Wealth management comes of age in Germany
Germany is now home to more billionaires than any other European country, and after an exceptionally long period of economic growth, more and more families are moving to sell their family businesses, setting up family offices and otherwise structuring their wealth more professionally.
According to The Wealth-X Billionaire Census 2018, Germany has 152 billionaires with a total wealth of $466 billion, behind only China and the United States. Switzerland, by comparison, ranks fifth on the list with 99 billionaires worth $265 billion, and the UK comes in eighth.
Germany boasts one of the world’s largest independent multi-family offices: the Spudy Family Office, managing more than $11 billion; and some of the biggest single-family offices, such as that representing the Clemens Haindl Family, behind Europe’s largest paper manufacturer Haindl Paper.
But still the wealth management industry is in its relative infancy. Daniel Lehmann, partner at Baker Tilly in Munich, says: “In Germany, we still have little tradition with family offices, and we currently see a trend towards more professionalism on that end. Compared to the UK and US markets, we haven’t been so professionalised in wealth management and we are playing catching up now. There are a lot more family offices being established and some that have existed for a few years, and were structured for a more hands-on approach, are now being reorganised to do things in a more orderly manner.”
One driver for the uptick in estate planning is a period of calm in the tax system, down in part to the unprecedented difficulties forming a new government after the September 2017 general election. The longest government-building process in modern Germany resulted in a coalition being formed in March 2018.
“In the past 10 years or so we saw constant changes to our inheritance and gift tax system,” says Lehmann. “Since 2016, there is silence at that end. Then we had the general election late last year, and the tedious process of formation of our new federal government resulting in no change and no prospect of relevant legislator changes. Entrepreneurs and the wealthy seem to have realised that after years of constant change to the tax system there is no relevant change to be expected in the near future. This is the perfect setup for estate planning that is driven by family or personal needs rather than avoidance of tax.”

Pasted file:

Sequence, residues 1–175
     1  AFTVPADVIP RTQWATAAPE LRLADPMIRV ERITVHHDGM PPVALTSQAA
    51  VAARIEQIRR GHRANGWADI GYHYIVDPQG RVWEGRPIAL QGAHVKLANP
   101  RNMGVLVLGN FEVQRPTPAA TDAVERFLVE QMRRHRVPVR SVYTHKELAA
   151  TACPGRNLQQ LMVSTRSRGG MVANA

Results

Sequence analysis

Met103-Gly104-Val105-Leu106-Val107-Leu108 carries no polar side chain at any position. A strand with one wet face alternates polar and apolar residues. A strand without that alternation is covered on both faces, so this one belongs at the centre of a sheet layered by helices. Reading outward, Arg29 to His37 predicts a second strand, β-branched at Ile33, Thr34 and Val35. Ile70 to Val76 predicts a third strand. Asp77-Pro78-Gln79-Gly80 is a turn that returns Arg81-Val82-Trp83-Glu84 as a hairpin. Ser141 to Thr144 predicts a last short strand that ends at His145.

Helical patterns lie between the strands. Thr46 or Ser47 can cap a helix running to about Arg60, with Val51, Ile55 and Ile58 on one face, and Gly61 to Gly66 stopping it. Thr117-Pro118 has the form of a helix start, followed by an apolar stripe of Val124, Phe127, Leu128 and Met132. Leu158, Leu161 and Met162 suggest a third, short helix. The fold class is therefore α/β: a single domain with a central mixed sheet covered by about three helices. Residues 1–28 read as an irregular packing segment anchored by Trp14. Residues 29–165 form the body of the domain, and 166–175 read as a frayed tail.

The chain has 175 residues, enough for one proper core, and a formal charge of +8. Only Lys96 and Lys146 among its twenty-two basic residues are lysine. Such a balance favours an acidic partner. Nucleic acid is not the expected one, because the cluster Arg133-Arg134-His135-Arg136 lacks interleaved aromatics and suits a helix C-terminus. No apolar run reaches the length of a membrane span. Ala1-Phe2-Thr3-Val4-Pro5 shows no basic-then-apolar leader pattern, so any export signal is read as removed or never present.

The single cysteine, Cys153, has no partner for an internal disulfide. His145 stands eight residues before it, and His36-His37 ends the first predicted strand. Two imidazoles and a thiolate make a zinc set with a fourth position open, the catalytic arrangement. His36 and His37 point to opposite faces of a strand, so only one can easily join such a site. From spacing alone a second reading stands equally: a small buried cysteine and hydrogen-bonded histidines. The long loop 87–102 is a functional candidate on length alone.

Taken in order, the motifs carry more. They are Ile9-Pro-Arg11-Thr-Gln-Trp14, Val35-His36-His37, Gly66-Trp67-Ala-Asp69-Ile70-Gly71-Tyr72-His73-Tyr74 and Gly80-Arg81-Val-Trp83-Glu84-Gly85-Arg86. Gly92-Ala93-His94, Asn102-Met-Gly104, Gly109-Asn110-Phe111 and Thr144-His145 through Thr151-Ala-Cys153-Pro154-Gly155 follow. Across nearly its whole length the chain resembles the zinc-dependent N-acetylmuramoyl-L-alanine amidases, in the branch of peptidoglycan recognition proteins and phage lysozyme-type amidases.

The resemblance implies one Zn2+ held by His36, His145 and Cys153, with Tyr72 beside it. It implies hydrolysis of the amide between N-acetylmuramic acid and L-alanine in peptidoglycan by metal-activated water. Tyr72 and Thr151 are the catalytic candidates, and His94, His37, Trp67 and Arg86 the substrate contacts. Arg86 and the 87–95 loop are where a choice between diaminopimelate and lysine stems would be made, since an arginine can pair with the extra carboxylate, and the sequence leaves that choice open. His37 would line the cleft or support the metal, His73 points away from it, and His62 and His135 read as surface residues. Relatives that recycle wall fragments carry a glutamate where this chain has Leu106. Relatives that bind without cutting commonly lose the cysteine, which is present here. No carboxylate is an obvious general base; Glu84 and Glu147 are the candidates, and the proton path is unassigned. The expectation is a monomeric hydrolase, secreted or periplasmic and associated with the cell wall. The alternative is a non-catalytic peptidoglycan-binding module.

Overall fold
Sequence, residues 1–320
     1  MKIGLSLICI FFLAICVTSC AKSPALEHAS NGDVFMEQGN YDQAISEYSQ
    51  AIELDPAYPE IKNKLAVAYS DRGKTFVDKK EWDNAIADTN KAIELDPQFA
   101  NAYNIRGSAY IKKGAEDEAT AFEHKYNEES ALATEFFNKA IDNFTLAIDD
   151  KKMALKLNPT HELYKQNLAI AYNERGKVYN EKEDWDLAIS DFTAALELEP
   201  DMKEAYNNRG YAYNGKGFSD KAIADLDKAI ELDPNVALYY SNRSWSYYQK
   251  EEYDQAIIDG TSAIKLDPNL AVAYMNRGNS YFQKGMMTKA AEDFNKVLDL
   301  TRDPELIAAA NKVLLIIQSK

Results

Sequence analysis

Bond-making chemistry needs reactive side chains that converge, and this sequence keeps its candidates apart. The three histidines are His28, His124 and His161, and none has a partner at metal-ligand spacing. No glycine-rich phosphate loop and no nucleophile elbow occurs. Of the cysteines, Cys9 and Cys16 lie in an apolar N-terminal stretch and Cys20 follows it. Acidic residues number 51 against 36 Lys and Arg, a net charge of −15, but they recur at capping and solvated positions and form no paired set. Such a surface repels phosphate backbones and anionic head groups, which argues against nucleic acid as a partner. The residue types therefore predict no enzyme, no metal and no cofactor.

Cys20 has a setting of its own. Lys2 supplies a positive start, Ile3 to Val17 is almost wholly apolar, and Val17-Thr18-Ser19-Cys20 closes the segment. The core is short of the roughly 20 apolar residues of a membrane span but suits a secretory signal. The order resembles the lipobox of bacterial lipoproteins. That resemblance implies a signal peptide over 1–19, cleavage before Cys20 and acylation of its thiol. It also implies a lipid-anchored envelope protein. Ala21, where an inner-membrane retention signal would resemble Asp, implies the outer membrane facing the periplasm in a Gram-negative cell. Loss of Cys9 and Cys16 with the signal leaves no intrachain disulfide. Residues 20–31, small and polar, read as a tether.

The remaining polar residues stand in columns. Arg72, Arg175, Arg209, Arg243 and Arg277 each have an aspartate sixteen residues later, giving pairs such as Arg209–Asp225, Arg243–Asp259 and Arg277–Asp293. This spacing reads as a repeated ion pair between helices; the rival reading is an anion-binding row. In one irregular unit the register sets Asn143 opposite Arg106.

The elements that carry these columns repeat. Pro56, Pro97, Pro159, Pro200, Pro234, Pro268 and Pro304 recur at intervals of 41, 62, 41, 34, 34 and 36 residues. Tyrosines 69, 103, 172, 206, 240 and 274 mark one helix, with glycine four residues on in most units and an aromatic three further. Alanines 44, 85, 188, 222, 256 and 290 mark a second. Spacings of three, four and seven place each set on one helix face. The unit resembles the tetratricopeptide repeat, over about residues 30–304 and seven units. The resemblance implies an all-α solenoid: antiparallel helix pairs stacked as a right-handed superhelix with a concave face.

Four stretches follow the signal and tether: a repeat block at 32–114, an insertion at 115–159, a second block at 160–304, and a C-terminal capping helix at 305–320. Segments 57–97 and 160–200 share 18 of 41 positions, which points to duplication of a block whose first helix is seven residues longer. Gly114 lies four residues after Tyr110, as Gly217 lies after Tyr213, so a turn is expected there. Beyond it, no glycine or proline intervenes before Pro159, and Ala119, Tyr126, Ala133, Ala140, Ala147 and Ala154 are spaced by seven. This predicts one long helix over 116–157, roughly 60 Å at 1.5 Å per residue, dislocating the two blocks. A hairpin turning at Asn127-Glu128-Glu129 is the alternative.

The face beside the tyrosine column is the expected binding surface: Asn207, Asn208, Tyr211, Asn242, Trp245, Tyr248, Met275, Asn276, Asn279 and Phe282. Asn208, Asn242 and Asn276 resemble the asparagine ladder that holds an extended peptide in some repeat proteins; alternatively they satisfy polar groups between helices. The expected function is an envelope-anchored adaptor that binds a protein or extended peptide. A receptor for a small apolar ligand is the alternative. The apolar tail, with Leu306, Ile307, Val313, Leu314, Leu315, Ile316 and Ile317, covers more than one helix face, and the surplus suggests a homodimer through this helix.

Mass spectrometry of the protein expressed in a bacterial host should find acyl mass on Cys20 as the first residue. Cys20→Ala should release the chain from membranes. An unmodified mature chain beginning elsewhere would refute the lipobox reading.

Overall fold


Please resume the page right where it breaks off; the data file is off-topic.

Martin Feick from the law firm Schilling Zutt & Anschütz in Mannheim says: “The wealth in Germany has only really been built up post-World War 2, and now we see that first generation passing away and the next generation taking over. It is a very interesting time to be part of the wealth planning industry, which has only really existed for the last 10 or 20 years.”
He adds, “At the moment, we see high net worth families that have sold their companies and it’s very hard for them to earn profits in stocks and shares. Real estate is also a big issue in Germany, with rising prices, so those families that invested early enough are making good returns but it is very hard to get into. So, there is a trend towards families seeking more professional advice.”
Susanne Thonemann-Micker is a partner in private client solutions at PricewaterhouseCoopers in Düsseldorf, and says: “More and more families are thinking about family offices, and thinking about creating small multi-family offices to pool the assets of maybe two, three or four families.”
Also growing in popularity is the use of foundations to pass company assets between generations, she says. Christian Georg Hirschbiel was head of wealth structuring at BNP Paribas Wealth Management in Frankfurt before moving to LGT Bank in Liechtenstein this year, where he now works as a wealth planning director for German and Austrian HNW and UHNW clients. He says: “We are seeing more and more Liechtenstein foundations being used for estate planning and structuring by wealthy German families, and that has been going on for the last few years. The Liechtenstein foundation offers a modern foundation governance structure and provides a lot of flexibility.”
Thonemann-Micker also observes a trend towards impact investing: “We are seeing clients asking a lot more questions about what impact investing might look like for them, and collecting information, so that is something I expect to see more of in the future.”